Friday 26 January 2007
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Germany to relaunch plan for EU constitution


By Ambrose Evans-Pritchard in Davos
Last Updated: 1:18am GMT 25/01/2007

Chancellor Angela Merkel has vowed to use Germany's European Union presidency to relaunch the European constititution, preparing a concrete plan to be agreed by Tony Blair and fellow leaders at a summit in June.

Ms Merkel warned the continent would cease to count as a global force if the 27 member states tried to go it alone.

"I am going to do everything I can as presidency holder to set the constitutional process in motion again. In June we will put forward a plan," she said at the World Economic Forum in Davos in speech which will dismay Downing Street.

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"We're facing a change in the global power structure. The arrival of China and India as dynamic economies integrated into the world market alone means that a third of mankind has stepped onto the world stage as co-actors," she said.

"When the European Union was founded, roughly 21pc of the world's population was European, today it is 11pc, and by the middle of this century it'll be just 7pc. We can no longer afford to be fragmented," she said.

Mrs Merkel's passionate plea for a fresh effort to revive the defunct constitution is certain to rattle Downing Street, both Numbers 10 and 11, where it had been hoped that a mini-treaty passed by normal EU procedures would suffice, without requiring a referendum.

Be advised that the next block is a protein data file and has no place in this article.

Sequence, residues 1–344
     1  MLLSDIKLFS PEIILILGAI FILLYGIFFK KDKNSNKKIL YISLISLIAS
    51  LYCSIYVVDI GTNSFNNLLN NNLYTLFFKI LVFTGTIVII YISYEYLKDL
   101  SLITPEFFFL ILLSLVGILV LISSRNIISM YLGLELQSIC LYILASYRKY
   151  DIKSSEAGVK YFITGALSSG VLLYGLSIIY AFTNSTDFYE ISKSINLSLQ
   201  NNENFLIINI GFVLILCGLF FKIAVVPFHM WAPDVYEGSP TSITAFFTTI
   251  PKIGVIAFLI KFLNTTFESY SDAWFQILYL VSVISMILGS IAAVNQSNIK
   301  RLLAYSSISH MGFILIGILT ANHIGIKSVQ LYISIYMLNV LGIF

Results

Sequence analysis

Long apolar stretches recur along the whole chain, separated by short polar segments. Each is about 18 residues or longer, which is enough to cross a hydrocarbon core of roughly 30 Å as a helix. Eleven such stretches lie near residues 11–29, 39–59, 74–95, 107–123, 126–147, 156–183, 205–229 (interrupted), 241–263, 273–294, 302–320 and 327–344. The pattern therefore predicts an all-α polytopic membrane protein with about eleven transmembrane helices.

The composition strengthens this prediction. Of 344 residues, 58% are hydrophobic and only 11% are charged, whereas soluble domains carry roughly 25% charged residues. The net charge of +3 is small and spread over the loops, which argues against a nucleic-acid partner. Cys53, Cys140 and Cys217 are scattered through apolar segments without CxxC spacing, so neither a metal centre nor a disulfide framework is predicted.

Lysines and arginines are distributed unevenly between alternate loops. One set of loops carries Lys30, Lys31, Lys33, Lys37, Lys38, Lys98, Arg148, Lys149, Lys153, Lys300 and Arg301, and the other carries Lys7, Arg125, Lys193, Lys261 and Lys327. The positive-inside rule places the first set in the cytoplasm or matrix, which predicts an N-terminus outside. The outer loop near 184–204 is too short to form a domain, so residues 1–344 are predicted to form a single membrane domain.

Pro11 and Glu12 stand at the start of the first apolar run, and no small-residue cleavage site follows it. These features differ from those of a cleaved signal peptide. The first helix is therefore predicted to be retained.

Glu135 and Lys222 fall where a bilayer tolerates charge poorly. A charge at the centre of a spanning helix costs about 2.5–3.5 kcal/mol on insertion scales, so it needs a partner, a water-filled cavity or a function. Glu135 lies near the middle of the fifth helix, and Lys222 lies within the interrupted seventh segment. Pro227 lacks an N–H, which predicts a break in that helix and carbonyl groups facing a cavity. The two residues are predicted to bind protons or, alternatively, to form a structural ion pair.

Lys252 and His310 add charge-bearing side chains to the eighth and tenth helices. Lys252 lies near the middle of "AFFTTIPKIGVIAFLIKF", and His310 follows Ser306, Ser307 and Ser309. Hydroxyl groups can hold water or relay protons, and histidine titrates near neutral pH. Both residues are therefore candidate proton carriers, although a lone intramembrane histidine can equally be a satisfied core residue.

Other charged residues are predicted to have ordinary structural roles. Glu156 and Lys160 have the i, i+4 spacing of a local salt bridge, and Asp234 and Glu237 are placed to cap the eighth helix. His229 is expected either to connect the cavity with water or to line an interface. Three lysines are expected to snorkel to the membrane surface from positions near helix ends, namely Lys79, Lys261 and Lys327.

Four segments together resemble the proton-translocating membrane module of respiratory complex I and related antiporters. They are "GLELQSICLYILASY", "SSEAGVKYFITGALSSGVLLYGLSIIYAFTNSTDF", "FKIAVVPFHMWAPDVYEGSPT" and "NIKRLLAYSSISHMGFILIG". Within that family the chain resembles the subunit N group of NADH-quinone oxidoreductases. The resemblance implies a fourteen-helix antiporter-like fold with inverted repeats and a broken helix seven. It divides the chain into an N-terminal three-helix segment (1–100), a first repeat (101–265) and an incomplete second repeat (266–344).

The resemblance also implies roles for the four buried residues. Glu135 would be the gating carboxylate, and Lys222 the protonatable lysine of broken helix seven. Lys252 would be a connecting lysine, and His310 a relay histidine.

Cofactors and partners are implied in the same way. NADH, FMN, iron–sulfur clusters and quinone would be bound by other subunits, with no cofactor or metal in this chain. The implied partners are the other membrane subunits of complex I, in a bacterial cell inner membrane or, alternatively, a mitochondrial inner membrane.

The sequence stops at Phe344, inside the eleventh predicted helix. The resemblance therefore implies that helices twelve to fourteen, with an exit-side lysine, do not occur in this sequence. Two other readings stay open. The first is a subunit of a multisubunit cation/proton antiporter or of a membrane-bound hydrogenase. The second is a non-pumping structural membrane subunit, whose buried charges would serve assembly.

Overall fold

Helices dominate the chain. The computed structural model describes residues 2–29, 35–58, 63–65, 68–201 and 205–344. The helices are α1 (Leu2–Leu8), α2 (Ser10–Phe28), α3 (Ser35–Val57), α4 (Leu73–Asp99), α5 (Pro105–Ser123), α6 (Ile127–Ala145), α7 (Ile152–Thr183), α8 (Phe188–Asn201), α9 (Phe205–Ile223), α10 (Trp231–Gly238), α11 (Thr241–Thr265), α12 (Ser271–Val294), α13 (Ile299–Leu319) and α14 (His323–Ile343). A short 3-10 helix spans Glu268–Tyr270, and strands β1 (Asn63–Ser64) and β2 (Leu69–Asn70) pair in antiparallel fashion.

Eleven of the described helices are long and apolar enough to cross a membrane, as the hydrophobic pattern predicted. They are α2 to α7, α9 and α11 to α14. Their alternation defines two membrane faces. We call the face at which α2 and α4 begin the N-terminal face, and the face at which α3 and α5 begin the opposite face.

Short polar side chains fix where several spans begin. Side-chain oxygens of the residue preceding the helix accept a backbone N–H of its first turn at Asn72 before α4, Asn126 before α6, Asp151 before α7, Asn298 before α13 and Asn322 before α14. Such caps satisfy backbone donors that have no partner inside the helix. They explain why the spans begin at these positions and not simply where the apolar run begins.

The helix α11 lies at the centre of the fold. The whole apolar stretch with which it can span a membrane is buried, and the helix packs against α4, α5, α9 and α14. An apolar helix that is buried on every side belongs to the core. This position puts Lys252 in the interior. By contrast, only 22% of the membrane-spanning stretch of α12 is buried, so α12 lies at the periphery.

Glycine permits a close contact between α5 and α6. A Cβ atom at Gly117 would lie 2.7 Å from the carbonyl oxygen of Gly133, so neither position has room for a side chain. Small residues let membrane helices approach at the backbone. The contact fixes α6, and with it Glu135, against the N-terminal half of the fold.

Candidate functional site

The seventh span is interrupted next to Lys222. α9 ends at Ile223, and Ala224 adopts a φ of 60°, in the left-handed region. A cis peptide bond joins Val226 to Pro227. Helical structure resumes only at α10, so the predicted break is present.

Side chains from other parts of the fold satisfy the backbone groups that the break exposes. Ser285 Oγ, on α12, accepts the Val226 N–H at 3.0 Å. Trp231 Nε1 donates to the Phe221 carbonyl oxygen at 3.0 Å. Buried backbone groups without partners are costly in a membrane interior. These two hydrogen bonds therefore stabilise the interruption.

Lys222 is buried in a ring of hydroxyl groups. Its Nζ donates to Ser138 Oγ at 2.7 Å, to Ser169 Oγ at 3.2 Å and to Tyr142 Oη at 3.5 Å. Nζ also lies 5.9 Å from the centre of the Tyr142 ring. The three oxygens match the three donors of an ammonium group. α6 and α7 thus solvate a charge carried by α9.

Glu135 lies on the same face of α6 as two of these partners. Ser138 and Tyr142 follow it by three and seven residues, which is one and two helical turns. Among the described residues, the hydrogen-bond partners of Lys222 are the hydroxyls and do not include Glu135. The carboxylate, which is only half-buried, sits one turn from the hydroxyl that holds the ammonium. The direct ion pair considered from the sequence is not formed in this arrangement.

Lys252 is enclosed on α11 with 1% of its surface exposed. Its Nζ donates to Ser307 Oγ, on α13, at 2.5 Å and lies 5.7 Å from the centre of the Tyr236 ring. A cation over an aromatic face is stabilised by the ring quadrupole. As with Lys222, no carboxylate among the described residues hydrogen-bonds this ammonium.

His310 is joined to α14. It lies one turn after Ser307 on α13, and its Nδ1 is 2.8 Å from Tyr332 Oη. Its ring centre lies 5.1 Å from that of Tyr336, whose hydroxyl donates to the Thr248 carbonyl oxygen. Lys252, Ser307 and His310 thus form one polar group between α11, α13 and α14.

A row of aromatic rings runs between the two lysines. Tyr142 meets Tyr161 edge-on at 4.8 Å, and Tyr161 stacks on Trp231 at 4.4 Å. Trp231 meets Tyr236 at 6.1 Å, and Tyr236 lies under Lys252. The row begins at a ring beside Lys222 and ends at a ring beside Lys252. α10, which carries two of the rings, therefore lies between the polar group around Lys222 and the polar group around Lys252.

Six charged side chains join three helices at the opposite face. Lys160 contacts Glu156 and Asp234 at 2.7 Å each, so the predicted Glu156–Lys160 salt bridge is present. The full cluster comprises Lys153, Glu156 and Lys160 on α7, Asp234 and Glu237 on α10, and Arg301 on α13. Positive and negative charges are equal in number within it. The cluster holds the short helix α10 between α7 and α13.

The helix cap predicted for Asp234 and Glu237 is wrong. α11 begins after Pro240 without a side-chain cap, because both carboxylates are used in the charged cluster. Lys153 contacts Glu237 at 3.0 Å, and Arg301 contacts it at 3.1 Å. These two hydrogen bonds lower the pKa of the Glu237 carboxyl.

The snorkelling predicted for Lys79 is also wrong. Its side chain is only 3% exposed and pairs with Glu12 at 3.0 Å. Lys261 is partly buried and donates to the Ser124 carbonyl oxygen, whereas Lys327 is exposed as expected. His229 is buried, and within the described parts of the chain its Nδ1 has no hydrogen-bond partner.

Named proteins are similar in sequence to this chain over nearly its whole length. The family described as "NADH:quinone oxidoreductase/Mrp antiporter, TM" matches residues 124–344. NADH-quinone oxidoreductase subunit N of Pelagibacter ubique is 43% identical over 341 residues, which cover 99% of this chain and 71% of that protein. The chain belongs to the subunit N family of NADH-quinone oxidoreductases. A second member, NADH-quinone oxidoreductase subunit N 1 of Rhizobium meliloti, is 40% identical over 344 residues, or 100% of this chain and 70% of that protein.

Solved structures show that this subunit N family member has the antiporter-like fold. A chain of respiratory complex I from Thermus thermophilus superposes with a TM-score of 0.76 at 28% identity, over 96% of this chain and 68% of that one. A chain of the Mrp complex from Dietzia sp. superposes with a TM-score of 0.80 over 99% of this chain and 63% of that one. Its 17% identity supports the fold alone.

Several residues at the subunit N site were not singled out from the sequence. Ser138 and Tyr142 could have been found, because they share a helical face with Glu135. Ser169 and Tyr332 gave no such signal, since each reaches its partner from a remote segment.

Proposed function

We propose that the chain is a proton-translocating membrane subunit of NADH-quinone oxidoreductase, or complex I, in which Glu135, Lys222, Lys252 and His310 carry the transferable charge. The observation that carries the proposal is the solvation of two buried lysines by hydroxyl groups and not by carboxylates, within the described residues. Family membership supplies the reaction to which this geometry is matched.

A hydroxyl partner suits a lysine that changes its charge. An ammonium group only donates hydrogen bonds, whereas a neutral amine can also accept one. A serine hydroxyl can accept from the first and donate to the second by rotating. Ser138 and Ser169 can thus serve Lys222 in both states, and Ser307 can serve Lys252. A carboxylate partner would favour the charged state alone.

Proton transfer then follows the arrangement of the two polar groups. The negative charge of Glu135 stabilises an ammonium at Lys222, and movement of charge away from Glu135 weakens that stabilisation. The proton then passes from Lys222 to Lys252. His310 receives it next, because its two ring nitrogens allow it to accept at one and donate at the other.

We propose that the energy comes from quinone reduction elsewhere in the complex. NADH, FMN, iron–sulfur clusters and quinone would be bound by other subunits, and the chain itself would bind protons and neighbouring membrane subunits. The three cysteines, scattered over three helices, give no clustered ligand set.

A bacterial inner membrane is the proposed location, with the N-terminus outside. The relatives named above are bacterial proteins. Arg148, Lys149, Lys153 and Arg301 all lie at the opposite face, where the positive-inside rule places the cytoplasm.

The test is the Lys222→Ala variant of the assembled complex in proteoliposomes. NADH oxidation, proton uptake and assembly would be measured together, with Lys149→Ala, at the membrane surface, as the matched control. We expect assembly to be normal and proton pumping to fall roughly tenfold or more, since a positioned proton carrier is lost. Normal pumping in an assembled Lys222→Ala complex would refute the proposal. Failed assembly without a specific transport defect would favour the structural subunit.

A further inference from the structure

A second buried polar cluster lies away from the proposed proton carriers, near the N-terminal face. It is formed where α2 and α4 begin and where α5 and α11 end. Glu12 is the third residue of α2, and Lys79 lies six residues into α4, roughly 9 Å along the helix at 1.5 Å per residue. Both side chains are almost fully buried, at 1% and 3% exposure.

The French and Dutch governments are also deeply uneasy, knowing that it would be extremely difficult to push through a new version of the text already rejected by crushing popular majorities in both countries.

Mrs Merkel said the current EU system had become unworkable under the current rules, adding that there was no chance of pressing ahead with the next round of expansion - Croatia, Serbia, and Turkey - until the structure had been changed.

EU diplomats said there was a degree of self-interest in the German position since the constitution enormously increases the power of the EU's biggest states, with ministerial votes and euro-MP seats allocated on lines that better reflect population.

The former draft would have given Germany a de facto veto over EU legislation when operating in concert with a few close allies, establishing it as the clear master of the system.

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